The Coming New Age of Sailing Ships

Excerpt from Ch. 9 of Living the Revolution - The Enlightened Self-Interest of Being the Change the World Needs by Mark Mason
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An illuminated letter i n the future I believe many will travel to other countries in sailboats with electric auxiliary motors. I also believe many big cargo and passenger ships will switch to this mode of propulsion. The end of the last age of sail was hastened by a number of problems with sailing ships that have now been overcome. Canvas sail cloth and hemp ropes rotted very quickly in the sun, and having to replace them every year or so was a big expense, however modern polyester sailcloth and ropes last for many years. My boat is 38 years old, and still has its original mainsail! The lack of reliable weather forecasting and radios to receive them with was also a problem in the age of sail, making it hard to avoid areas with no wind, where ships often got stuck, for days or weeks. It also made it hard to avoid storms which could damage or sink a ship. This problem has, of course, been solved, and the auxiliary electric motor, not available in the age of sail, would now be there to take a ship out of doldrums, where there is no wind, to a place where the wind is blowing and the voyage under sail can continue. Likewise, if you know about storms in advance, as we can do now, avoiding them becomes possible much more of the time. Auxiliary motors can also make passage times more predictable for sailing ships, canceling out a big advantage that steam ships had over tall ships at the end of the last age of sail.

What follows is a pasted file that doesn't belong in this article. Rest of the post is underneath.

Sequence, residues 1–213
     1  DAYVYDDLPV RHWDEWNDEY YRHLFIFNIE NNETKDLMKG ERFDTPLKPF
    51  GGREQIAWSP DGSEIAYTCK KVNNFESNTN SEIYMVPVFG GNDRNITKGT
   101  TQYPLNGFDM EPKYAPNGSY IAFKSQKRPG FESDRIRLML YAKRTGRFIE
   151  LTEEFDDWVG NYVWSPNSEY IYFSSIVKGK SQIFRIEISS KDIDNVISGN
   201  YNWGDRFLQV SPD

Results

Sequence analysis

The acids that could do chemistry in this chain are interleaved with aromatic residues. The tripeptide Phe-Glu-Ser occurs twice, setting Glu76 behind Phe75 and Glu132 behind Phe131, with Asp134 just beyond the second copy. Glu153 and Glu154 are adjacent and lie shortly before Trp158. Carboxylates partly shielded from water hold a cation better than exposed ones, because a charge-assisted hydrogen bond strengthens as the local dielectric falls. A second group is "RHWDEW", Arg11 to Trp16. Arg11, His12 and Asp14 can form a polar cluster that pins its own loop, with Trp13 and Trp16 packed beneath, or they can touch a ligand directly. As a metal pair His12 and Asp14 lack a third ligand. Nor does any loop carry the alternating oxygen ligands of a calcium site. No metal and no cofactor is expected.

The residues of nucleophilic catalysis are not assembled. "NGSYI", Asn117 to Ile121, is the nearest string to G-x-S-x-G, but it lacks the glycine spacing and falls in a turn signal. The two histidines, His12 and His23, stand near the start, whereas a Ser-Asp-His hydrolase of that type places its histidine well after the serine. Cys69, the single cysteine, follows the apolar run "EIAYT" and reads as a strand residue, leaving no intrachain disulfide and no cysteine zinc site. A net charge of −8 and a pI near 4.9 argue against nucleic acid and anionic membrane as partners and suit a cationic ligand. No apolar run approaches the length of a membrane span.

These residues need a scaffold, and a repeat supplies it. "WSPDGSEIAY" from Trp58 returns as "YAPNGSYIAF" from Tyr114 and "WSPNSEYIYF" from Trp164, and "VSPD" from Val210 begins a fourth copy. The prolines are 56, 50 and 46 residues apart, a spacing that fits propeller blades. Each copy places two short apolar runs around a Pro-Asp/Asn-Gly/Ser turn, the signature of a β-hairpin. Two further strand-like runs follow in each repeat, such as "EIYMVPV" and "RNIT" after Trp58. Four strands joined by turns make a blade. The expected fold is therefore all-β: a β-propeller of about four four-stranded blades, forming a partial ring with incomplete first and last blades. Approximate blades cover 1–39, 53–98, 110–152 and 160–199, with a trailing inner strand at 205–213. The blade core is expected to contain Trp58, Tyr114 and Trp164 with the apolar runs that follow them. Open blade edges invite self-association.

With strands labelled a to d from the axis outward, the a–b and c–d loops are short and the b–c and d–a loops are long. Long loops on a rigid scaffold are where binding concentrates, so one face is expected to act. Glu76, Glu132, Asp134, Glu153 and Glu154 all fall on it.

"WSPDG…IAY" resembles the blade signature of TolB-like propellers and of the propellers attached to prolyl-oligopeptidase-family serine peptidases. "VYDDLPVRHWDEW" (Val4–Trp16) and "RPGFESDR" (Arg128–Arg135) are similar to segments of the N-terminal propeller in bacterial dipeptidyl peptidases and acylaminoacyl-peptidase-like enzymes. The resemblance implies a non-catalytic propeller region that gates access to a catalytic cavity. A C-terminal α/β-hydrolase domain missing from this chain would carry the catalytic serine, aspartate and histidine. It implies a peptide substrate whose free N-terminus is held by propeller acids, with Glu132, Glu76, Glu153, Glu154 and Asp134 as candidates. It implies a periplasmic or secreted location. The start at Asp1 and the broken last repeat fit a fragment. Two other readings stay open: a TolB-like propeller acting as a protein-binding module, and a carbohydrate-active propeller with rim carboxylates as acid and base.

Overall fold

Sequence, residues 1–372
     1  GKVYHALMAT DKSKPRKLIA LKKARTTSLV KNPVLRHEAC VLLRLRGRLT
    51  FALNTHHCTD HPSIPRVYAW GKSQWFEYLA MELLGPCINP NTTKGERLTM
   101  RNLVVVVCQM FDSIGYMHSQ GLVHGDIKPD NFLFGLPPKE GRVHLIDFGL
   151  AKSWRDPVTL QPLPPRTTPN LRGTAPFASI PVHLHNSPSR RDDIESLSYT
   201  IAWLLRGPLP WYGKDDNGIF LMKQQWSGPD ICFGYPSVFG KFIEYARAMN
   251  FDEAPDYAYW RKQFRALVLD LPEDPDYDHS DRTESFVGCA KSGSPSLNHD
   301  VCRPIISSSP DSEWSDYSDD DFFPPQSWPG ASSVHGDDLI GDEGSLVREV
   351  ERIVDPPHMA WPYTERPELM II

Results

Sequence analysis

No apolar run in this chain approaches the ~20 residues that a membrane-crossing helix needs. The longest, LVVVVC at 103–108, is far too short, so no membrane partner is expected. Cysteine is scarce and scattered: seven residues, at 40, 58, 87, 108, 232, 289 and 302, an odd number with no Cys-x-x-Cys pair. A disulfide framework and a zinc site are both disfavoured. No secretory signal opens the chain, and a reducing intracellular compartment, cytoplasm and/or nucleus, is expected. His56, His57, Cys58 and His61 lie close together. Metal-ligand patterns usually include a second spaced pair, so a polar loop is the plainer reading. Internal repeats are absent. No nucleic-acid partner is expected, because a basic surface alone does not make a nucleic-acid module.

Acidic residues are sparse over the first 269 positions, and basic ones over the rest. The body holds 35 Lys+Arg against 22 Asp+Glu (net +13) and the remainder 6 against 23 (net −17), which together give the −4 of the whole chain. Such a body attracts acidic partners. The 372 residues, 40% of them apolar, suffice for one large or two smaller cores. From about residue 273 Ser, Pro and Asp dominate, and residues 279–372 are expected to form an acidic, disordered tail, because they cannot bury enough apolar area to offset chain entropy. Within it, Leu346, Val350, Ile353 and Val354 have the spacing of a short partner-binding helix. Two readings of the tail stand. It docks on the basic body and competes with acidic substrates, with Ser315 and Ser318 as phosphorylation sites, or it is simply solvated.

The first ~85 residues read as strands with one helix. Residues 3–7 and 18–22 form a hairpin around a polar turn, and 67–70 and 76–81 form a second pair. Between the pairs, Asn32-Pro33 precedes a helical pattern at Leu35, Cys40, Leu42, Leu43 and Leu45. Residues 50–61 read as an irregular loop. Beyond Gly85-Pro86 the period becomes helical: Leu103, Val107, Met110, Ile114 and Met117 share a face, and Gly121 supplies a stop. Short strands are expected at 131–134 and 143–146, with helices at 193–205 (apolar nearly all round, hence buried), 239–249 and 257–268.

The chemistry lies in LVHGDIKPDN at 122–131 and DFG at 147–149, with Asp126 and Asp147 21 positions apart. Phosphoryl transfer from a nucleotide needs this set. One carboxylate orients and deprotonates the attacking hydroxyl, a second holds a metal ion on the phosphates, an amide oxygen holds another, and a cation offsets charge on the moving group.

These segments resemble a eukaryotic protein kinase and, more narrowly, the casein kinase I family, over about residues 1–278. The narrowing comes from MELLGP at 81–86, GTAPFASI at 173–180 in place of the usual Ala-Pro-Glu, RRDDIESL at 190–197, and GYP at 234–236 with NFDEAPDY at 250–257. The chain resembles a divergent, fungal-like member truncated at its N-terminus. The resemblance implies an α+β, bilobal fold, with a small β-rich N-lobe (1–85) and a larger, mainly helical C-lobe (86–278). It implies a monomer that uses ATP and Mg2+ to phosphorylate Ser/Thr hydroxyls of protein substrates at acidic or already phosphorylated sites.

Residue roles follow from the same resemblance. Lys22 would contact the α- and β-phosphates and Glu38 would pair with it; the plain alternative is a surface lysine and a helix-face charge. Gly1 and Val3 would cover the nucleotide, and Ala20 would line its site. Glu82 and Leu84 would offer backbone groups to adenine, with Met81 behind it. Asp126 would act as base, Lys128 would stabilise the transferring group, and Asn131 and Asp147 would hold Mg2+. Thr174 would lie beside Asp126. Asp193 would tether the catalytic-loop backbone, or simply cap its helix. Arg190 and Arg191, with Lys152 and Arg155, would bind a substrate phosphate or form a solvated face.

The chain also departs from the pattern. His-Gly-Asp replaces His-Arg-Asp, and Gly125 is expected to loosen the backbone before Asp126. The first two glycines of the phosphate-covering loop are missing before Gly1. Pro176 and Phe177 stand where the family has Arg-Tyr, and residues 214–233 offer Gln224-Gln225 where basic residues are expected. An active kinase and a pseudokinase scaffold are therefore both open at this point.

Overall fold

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There is more in this chapter of the book about how small cruising sailboats can be used to travel the world with a very low carbon footprint, especially if equiped with electric auxiliary motors with regeneration capacity. The author converted his own sailboat to this type of electric auxiliary motor, and tells the story of how of how that went for him when he sailed his boat from Oregon down to central Mexico.

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